What can explain the almost stratospheric tanking of startups in India this year?
According to recent reports, there have been a mere 800 of them launched this year compared to 6,000 last year. Correspondingly, the number of deals has fallen from 1,000 last year to 700 in 2017. This is staggeringly awful for a country that was supposed to be home to a gigantic entrepreneurial boom largely fueled by e-commerce thanks to its humongous population.
Traxn, a research outfit that tracks this sort of stuff, reveals that while in general this year seems to have outstripped the last one in sheer dollar terms ($8 billion for the first nine months of this year versus $4.6 billion for 2016), that is largely a misleading statistic.
This is because of big skews provided by a $3 billion funding injection into e-commerce biggie Flipkart and a similar $1.4 billion equity round into payments solution firm Paytm by global deep-pocketed VCs, such as Softbank, which are hoping to double down on apparent winners. Taking these out, the landscape looks decidedly bleak for a country that should have been galloping along at the sort of 100-percent clip that its bête noir, China, has been for the past decade. Ah, but therein lies the rub.
India is rapidly entering a ‘Emperor has no clothes’ era, the bedrock for which has been very ably laid by Prime Minister Narendra Modi and his BJP-led government. Modi was supposed to usher in a new era of glittering economic growth and well-being, but instead, what India has experienced is negative growth, if you can believe it, at a time when it should be exploding. Equally unbelievable is the fact that the government has presided over practically no job growth — the lowest figure in almost a decade — which is nothing short of a catastrophe.
These depressing economic facts — which incidentally, even the flamboyantly corrupt Congress government before it has not matched — mirror the startup realm in one way: Fundamental truths are not in sync with our basic expectations or hype. A large chunk of Indian startups fall into the e-commerce landscape, but the fact is, we have been content to largely play the game of imitator rather than innovator. According to RedSeer Management Consulting, the e-commerce market grew by a paltry 15 percent to $14 billion to 15 billion when it should have been exploding. The fact is, most e-commerce outfits have been unable to go beyond flogging smartphones or fashion on their websites. And this middle class urban Indian segment of 20 million people has been tapped out a long time ago.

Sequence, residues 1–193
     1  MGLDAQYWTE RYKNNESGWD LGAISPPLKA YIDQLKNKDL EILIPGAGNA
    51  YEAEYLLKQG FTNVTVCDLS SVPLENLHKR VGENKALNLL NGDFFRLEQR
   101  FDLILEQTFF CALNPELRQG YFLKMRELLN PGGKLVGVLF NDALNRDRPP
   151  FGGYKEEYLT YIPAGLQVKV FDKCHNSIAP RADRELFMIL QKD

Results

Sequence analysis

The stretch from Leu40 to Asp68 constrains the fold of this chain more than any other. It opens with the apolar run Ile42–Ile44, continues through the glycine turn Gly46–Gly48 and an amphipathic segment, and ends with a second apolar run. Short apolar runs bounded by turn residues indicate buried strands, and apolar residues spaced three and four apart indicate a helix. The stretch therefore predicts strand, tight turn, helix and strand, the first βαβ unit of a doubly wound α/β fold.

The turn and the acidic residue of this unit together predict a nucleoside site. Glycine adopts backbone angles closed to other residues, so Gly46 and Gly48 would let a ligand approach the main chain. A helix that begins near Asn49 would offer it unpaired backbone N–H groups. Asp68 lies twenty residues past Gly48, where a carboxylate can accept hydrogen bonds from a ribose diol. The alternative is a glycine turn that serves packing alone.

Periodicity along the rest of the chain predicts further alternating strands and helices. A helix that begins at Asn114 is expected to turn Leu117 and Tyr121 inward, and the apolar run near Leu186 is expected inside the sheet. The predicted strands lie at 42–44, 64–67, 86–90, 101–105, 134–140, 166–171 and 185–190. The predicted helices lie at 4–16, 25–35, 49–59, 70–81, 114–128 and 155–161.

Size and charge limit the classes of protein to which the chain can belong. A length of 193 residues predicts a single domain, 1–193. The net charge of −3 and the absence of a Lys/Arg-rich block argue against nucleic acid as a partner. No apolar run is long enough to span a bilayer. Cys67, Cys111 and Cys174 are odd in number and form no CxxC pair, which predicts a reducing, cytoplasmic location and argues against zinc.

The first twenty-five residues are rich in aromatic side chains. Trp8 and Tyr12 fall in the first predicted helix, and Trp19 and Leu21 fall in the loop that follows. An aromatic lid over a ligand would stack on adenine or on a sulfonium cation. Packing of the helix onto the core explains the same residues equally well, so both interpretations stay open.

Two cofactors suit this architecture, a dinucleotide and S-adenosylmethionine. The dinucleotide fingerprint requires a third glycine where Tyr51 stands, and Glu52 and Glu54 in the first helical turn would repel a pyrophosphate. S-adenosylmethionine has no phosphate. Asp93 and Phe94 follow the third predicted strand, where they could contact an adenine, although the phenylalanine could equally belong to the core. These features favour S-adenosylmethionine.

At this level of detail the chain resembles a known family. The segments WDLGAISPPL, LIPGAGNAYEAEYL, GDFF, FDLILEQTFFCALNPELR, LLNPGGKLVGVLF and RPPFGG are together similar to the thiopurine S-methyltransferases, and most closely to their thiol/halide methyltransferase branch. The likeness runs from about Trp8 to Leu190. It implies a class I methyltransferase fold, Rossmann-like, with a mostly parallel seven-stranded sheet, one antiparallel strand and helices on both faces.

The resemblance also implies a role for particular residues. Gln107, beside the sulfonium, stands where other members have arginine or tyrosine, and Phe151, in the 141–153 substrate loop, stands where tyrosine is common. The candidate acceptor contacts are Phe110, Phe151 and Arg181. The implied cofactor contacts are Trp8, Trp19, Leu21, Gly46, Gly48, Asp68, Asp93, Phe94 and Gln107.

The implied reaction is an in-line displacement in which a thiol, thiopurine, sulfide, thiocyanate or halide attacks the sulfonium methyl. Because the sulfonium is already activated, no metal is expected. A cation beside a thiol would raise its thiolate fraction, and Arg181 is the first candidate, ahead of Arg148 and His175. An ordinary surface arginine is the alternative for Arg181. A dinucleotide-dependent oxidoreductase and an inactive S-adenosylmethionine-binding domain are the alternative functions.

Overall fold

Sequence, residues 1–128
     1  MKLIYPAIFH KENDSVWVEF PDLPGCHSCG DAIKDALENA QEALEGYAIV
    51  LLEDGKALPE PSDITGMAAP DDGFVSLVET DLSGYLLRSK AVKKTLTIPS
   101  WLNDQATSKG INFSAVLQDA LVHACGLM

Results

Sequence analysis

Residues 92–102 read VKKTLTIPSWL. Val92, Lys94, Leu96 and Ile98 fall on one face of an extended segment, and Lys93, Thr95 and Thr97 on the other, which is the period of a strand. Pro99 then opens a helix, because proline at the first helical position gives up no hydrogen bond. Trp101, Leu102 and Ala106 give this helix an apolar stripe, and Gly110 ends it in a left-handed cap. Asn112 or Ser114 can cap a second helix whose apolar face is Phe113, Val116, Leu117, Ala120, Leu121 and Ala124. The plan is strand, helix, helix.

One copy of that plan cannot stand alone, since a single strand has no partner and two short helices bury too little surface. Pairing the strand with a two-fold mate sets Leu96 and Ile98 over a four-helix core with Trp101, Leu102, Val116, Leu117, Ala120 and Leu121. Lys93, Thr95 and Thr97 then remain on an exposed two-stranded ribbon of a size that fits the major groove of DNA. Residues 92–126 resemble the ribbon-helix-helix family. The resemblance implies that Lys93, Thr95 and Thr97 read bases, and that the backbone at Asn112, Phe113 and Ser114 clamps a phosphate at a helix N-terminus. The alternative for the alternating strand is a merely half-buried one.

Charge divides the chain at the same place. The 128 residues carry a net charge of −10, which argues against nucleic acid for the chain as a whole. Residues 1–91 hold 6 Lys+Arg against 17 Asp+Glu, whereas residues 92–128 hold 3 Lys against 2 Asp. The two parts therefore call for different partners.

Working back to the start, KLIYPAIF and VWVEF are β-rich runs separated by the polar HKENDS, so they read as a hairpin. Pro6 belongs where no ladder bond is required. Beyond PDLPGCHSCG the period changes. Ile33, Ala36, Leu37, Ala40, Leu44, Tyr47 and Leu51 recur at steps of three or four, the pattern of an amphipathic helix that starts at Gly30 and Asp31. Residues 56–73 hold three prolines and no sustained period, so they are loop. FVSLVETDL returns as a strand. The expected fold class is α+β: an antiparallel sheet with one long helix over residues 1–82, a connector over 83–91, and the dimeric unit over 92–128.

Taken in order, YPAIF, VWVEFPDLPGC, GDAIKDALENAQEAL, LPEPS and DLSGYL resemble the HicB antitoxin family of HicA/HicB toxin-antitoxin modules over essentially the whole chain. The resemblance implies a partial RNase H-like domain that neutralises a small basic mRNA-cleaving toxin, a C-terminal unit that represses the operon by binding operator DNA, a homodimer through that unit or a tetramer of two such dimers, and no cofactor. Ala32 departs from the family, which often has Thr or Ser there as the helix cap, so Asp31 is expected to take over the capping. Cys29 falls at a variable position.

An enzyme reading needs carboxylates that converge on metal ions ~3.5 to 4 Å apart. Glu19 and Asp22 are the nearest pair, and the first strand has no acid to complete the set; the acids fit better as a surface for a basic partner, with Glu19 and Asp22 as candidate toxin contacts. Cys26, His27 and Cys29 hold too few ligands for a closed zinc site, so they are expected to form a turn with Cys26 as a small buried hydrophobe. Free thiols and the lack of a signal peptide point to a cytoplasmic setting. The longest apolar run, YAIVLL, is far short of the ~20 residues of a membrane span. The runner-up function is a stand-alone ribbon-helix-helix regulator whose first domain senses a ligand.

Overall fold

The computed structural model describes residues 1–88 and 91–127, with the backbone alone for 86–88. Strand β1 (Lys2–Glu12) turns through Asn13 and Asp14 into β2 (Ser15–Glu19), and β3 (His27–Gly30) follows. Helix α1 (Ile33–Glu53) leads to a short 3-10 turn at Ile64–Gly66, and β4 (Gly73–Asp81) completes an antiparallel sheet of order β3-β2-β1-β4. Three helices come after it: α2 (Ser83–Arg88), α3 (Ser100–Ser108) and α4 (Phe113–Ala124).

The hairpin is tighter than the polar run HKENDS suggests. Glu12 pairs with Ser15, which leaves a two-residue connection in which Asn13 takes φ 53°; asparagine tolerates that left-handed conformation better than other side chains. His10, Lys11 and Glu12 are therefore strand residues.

Instead, the opportunity now lies in semi-urban towns and villages that have hundreds of millions of people who require being catered to using completely new business models. For instance, they crave decent furniture at affordable prices. Yet, with me-too startups staffed by me-too entrepreneurs chasing the Indian rideshare bonanza or restaurant listing glory, there have been practically no new and exciting companies with vision and moxie to tempt the palate of VCs who themselves have proved to be alarmingly lacking in originality. Go ahead and tally the astronomical amount of money wasted by them on me-too, in-vogue investments made in 2014 and 2015 just to be part of the herd, and which don’t exist anymore, and you will get an accurate picture of this.
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Of course, there comes a time when even the most unimaginative of VCs obviously brakes to a halt after witnessing the carnage amidst his ilk. So, no surprise that — get this — not a single e-commerce start-up has yet to receive funding this year. E-commerce has been the errant, profligate offspring that has so far banked on burning cash by offering deep-discounts for market share, launching massive advertising campaigns for eyeballs, and in general going down the toilet. All the troubles that afflicted Snapdeal in the past few years, which caused it to go from an Amazon rival to a firm desperately trying to stay alive and relevant, and Flipkarts own upheavals, which caused huge devaluations in its market cap, no doubt levied body blows to an already reeling industry.
For startups to germinate and flower in abundance we need fresh thinking from a whole new breed of entrepreneurs who are excited about targeting the next massive chunk of people who need to be catered to even if they aren’t big city spenders.
It also wouldn’t hurt for the current government to actually provide the one million graduates entering the work force monthly with something they could use to buy things — namely jobs — and thereby bolster the sector much like Henry Ford’s assembly line workers did by becoming consumers of the Model Ts they were building.
The sad fact is that India’s anemic per capita income growth means that there is no possibility of the kind of economic boom that China experienced unless basic incomes are boosted dramatically, but, so far, this has been a non-event under Modi and his cabal.